Hignett, and goalkeeper coach Ross Turnbull, were swopping experience and a level of reliability with potential.

The form of England C goalkeeper Killip has remained unconvincing and it would be no surprise to see a new No1 brought in over the summer.

Signing Luke Molyneux permanently was some coup for Pools. Big things were expected of the former Sunderland man who impressed during the second half of last season on loan.

But an ankle injury in pre-season meant Hignett never got to use him and the flair and natural ability the attacker offers has been missed until his recent return.

There was plenty of promise in Hignett’s team, but would Pools be in a position of such optimism now if the manager stayed in place?

There was a swift upturn in outlook and performances under Sweeney. Normally, when a manager comes in, he’s picking up a team which is downbeat and out of sorts, a dressing room in pieces.

He didn’t have that to contend with. Hignett wasn’t really under any pressure. The basics were there, they just needed a lift.

That may sound strange given the chirpiness and positivity of Hignett – maybe at times he was too honest, but that’s not a bad thing – but Sweeney seemed to get them more organised straight away.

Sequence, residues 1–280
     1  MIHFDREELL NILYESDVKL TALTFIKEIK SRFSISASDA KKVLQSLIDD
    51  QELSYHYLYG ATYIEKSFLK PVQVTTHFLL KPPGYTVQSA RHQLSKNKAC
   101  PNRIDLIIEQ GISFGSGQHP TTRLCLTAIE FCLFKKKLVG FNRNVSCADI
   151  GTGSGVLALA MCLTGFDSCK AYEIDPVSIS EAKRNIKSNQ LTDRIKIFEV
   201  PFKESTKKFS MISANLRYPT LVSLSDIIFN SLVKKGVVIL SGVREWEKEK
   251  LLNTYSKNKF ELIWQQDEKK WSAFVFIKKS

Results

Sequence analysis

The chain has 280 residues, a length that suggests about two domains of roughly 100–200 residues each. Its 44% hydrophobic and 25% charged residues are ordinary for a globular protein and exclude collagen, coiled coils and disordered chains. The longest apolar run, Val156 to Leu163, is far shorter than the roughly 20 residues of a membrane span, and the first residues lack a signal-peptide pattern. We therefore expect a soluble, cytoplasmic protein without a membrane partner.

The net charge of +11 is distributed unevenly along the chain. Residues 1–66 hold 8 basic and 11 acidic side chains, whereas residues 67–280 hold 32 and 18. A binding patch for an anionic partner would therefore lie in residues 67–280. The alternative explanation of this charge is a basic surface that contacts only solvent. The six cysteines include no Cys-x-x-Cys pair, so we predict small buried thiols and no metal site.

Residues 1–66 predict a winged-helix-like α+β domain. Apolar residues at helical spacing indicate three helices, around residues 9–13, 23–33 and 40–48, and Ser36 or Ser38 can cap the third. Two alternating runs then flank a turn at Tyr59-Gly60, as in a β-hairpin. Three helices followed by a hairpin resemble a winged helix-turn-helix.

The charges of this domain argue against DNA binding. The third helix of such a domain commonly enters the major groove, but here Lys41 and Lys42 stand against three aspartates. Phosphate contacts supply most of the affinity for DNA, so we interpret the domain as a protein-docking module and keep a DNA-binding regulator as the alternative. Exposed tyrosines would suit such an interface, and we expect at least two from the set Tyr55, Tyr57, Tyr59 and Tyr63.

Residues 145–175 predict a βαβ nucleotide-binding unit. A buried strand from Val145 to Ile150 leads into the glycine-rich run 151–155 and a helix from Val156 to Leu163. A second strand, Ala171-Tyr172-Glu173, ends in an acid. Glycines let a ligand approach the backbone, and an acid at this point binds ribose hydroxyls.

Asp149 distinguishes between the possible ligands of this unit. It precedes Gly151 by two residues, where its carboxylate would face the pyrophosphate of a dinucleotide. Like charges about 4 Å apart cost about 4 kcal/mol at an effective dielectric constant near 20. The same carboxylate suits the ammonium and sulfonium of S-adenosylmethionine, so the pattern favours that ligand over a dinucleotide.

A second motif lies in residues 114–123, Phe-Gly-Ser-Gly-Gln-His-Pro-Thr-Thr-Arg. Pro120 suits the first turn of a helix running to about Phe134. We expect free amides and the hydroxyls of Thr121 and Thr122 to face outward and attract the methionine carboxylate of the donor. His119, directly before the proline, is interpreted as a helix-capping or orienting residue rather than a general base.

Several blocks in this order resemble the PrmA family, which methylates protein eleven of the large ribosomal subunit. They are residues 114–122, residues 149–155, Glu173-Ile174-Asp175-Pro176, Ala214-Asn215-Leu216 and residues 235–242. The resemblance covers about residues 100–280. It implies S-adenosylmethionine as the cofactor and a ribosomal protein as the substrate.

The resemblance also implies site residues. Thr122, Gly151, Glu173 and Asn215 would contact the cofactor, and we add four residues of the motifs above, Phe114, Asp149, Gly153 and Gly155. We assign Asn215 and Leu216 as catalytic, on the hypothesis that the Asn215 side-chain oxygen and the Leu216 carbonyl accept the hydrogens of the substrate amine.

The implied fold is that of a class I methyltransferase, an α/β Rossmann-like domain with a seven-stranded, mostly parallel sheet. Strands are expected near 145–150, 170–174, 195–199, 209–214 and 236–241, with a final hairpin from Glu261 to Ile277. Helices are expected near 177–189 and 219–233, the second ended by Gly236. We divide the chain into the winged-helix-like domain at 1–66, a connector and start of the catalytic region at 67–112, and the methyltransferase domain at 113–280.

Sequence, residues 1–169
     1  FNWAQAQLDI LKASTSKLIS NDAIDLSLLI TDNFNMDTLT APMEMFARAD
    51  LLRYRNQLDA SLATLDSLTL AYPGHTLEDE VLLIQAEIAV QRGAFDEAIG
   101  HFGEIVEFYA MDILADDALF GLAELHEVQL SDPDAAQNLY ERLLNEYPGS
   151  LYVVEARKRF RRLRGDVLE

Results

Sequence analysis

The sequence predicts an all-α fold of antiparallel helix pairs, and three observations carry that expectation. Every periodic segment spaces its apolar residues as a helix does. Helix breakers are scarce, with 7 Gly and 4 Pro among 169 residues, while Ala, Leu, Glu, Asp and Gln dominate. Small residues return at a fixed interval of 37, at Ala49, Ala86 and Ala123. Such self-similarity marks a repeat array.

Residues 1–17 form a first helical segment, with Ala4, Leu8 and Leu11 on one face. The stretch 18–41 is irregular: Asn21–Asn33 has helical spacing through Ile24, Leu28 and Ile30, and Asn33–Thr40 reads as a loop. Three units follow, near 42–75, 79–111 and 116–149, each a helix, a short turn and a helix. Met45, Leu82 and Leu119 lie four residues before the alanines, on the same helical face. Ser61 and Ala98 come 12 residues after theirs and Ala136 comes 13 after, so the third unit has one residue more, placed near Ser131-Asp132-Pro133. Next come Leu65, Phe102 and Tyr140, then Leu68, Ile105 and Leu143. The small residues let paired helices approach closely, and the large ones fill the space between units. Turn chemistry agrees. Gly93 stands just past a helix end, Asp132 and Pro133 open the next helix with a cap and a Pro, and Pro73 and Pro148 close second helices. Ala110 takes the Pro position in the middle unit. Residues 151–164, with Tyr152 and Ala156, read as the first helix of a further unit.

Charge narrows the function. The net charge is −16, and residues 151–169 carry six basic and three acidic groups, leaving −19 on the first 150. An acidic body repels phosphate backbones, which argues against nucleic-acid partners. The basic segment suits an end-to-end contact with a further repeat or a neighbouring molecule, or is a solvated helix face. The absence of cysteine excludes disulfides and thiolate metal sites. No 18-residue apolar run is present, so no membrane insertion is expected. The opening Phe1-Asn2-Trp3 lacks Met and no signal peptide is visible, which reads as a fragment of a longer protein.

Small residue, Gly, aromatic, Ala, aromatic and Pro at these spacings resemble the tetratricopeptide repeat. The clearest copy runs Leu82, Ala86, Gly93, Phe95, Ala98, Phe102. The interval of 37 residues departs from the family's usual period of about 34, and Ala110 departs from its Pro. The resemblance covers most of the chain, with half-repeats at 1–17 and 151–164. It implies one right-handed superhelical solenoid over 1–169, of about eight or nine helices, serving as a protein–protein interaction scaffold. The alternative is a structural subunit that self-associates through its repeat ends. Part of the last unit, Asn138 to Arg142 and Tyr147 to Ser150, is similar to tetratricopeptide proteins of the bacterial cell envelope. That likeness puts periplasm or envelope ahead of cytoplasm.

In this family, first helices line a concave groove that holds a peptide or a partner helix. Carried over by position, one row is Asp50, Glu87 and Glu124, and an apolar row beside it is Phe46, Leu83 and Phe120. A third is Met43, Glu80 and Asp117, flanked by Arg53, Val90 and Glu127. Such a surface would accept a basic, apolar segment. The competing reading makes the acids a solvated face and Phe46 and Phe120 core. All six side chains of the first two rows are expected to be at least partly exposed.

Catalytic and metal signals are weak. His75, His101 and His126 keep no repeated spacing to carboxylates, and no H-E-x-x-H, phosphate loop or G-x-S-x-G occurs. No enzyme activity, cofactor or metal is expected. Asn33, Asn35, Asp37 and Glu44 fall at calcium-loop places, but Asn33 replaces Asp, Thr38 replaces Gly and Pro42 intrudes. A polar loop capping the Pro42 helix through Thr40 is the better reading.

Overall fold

At the time, Sweeney said: “I’ve been a player here when a manager has left. I understand what they need and want.

“We haven’t changed a lot, a lot of the stuff Craig and Ged (McNamee) did – I was part of. So that would be a bit hypocritical to change things too much.’’

He didn’t change a lot, won three of his five games, and handed over to Challinor.

The experience will have been of good benefit to both him and Pools in the long-term. There was a lot of people wanting Sweeney to be appointed permanently, but would that have been the right call at the time?

Caretaker managers often engineer a quick improvement. Sustaining it for the longer term is more of an ask.

At the time he reflected: “I hope I’ve made a positive impact. It’s a club which has had some challenges and it doesn’t matter if you are in charge for one game, five games, one hundred or more but as an influential figure at the club if you leave the club in a better position than when you started then you have done a decent job and I would like to think I have done that.’’